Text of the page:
There are, at this juncture, more questions than answers about the appointment of Justin Langer as the new coach to a national cricket side riven by self-doubt and nursing a serial hangover from the humiliation of an amateurish ball-tampering debacle.
The aftermath has honed a toxic blade which has been both plunged deep into the sense of Aussie pride and the much-hyped reviews – but yet to take formal shape – into cultural, organisational and governance issues.
“Cricket fans and the Australian public rightly have high expectations regarding the standards of behaviour of our national teams,” said Cricket Australia chair David Peever. “The independent review will provide an important foundation for ensuring these expectations are met.”
It is, many would feel, a long overdue cauterisation of the creeping cancer which has been an unwelcome facet of Australian cricket for far too long.
It was all very well for Allan Border to voice the feeling that “the Australian cricket team itself is not a popular cricket team and a lot of their antics on the field have upset a lot of people”.
This does not come as any cathartic revelation and it must be borne in mind that there are lots of cricket lovers worldwide who regard the iconoclastic Border as one of the architects of that, long before the uncovering of the sand-papered shame of the Cape Town Test, where Cameron Bancroft, David Warner and Steve Smith conspired to alter the condition of the ball.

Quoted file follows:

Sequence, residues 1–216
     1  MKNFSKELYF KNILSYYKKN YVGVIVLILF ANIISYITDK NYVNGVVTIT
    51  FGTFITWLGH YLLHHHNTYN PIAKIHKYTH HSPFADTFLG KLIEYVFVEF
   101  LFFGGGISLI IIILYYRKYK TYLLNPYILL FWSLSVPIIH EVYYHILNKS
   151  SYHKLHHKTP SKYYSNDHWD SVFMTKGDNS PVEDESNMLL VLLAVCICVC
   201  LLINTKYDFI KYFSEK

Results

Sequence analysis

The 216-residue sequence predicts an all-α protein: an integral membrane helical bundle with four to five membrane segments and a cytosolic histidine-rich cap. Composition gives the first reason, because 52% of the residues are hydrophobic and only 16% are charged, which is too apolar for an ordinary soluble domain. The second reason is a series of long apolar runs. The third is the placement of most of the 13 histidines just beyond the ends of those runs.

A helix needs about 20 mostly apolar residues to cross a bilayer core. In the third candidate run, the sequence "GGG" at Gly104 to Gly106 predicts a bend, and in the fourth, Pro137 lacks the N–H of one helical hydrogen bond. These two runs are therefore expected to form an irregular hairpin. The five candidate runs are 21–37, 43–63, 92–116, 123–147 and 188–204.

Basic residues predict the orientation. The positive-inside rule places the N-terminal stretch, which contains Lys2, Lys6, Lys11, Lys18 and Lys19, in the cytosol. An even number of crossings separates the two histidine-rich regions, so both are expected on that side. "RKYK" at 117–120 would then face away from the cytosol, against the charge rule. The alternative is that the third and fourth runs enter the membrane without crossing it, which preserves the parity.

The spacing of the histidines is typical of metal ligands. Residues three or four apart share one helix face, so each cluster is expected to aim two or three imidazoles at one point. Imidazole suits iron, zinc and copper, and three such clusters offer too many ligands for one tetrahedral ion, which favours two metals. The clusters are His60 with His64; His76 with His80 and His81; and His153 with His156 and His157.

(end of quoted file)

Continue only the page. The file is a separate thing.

It could also be argued that the 47-year-old Langer, a veteran of 105 Tests wearing the baggy green, and scorer of over 7 000 Test runs, was one of the band of players under Border responsible for the inexorable shifting of the line between hard and fair and outright on-field intimidation.
Langer, having arguably walked one line of talk, laid out his future vision at his unveiling this week, focusing on respect.
“Respect is worth more than all the gold in the world,” he said. “It’s not just about how we play our cricket but being good citizens and good Australians.”
It sounds ironically idyllic. Langer’s words might just provide Australian cricket with a new set of guidelines.
Not surprisingly, the new thrust raises a new trepidation. We have been there before.